|Flower||It has cymose or panicle terminal inflorescences with flowers with cream white petals, about 5 mm long and several white stamina, 8-15 mm long, which are the most conspicuous part of the flower|
|Fruit Shape & Size||Ovoid berry, 1.3–1.5 cm long, 0.8–1 cm wide, fleshy|
|Fruit Color||Initially green turning to magenta or can be white, pink or purple|
|Seed||Only one seed|
|Propagation||By seed, softwood cutting, semi hardwood cutting|
|Taste||Slightly acidulous taste|
|Season||March to June|
Brush Cherry is a slow-growing evergreen shrub or small tree with a dense, pyramidal crown. A broad dense bushy rainforest tree, it grows to a height of 15 m (49 ft.) with a trunk diameter up to 35 cm (14 in). The plant is found growing in rain forests, sandy soils by the sea, subtropical, littoral rainforest on sandy soils, stabilized dunes near the sea, self establishes freely in shade, including native forest, parks and gardens. The plant prefers alluvial, lateritic, sandy alluvia, marl and olitic limestone. Some of them tolerate saline soil and are found on deep, rich, well-drained soils.
The leaves are 3-10 cm long and 1.5-3 cm broad, opposite, simple and slightly obovate, tapering at the leaf base. They are dark glossy green color on the upper page, and paler below. The young leaves are red-bronze colored. Petiole is about 3–5 mm long.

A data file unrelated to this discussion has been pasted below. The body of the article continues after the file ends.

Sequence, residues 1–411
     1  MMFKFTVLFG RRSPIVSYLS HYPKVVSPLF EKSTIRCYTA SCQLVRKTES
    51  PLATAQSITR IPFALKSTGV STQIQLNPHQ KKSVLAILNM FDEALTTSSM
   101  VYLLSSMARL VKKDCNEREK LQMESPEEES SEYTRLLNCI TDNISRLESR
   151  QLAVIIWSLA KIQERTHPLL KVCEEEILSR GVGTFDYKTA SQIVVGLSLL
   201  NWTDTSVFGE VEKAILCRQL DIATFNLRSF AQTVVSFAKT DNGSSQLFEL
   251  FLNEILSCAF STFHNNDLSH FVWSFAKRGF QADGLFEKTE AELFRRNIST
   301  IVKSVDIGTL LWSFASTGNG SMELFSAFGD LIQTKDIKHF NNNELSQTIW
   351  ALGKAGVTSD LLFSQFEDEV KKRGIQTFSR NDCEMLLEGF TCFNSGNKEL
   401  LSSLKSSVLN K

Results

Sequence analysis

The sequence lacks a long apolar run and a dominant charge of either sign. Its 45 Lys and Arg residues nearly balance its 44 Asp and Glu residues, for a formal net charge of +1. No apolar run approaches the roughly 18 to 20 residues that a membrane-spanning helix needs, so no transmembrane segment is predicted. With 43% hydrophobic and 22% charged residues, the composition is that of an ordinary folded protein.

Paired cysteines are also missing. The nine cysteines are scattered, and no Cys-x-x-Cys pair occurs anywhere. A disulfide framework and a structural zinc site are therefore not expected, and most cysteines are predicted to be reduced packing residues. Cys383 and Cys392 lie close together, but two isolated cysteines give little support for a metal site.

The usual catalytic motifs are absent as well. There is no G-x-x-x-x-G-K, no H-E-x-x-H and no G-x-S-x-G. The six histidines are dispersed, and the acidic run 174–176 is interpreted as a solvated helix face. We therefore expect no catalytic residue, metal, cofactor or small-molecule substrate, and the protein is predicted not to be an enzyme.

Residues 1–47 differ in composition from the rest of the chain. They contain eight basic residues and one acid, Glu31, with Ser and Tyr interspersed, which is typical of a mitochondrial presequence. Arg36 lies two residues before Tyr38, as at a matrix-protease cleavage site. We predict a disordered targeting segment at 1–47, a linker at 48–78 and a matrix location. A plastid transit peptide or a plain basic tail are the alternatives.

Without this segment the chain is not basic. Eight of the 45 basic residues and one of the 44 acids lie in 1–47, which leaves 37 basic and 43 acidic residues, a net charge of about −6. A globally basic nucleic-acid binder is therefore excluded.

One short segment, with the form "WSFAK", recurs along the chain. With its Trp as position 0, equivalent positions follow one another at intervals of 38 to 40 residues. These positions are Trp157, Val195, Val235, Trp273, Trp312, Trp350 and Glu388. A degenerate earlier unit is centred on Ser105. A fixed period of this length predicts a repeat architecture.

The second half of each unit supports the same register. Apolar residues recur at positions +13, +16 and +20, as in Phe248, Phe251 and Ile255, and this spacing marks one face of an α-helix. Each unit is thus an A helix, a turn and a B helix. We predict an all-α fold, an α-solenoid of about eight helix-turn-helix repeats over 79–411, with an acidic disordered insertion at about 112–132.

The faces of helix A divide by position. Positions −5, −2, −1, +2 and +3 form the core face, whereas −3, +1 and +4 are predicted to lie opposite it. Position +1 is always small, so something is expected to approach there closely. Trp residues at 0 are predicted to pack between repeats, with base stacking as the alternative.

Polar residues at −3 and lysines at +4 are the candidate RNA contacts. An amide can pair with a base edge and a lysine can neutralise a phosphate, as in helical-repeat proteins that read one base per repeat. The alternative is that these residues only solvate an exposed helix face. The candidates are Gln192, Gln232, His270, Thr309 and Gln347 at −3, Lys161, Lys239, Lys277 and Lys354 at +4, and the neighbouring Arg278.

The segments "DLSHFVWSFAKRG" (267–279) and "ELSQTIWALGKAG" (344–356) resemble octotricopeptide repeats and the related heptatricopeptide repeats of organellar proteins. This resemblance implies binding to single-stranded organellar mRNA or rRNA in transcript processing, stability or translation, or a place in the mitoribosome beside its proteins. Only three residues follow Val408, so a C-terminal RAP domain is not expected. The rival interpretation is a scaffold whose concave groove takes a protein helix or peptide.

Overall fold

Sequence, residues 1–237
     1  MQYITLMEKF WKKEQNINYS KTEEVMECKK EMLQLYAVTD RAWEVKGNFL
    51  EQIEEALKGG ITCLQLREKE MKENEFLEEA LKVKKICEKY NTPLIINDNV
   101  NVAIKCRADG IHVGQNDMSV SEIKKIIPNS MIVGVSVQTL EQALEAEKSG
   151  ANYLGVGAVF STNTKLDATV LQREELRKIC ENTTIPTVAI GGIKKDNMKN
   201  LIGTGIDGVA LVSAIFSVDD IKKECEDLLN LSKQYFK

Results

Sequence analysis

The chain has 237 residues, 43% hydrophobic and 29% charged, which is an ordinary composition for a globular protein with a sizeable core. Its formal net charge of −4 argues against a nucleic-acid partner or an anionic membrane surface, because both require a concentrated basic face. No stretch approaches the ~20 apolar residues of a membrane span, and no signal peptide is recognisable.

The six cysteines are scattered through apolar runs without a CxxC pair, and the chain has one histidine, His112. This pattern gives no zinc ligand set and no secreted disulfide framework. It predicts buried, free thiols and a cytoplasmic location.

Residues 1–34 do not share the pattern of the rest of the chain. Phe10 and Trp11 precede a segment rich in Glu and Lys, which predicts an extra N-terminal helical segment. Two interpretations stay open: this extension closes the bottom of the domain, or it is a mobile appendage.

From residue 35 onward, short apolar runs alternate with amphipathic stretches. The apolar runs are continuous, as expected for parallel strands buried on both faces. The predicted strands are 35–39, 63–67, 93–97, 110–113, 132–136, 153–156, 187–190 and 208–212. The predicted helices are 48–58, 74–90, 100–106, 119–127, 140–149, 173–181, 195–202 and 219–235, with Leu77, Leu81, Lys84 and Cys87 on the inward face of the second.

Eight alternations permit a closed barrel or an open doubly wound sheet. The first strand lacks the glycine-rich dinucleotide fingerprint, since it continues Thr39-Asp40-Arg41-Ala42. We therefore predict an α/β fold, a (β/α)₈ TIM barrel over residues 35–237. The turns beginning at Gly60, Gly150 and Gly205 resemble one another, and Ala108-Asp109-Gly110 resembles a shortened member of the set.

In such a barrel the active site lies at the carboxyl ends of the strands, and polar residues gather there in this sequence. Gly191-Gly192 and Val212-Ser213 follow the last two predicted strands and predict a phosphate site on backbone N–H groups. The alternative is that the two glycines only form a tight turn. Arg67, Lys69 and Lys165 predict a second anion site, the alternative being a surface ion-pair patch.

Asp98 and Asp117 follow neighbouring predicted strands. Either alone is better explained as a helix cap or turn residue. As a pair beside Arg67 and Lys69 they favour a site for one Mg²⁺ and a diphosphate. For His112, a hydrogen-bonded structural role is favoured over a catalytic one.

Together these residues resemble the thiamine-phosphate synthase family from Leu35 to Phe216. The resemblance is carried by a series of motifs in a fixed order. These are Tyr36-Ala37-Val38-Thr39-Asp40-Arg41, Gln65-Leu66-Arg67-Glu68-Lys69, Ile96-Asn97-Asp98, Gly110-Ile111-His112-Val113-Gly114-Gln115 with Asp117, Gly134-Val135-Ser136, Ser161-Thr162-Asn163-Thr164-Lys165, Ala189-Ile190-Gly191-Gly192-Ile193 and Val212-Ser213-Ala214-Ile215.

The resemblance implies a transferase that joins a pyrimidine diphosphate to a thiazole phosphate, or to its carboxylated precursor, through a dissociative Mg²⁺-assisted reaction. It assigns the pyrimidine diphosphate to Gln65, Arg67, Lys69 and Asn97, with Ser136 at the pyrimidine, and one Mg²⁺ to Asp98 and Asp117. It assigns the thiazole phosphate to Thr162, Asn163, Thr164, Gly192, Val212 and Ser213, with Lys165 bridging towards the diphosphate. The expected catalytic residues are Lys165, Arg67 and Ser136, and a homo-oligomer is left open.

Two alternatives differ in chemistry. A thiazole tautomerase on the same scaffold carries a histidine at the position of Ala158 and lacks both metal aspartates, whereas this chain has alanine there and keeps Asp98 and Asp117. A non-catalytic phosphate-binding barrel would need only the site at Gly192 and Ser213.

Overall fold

|Leaf shape||elliptic (oval)|
|Leaf Venation||none, or difficult to see|
|Leaf type and persistence||evergreen|
|Leaf blade length||less than 2 inches|
|Leaf color||purple or red|
|Fall color||no fall color change|
|Fall characteristic||not showy|
It has cymose or panicle terminal inflorescences with flowers with cream white petals, about 5 mm long and several white stamina about 8-15 mm long, which are the most conspicuous part of the flower. Calyx is green with lobes tipped red but later all red; tube narrowly obconic about 5 mm long. Lobes are oblong, 3 mm long and 2.7 mm wide. Petals are white, round, 4 mm long and wide. Stamens are white, about 6–8 mm long. Flowering normally takes place from November and February.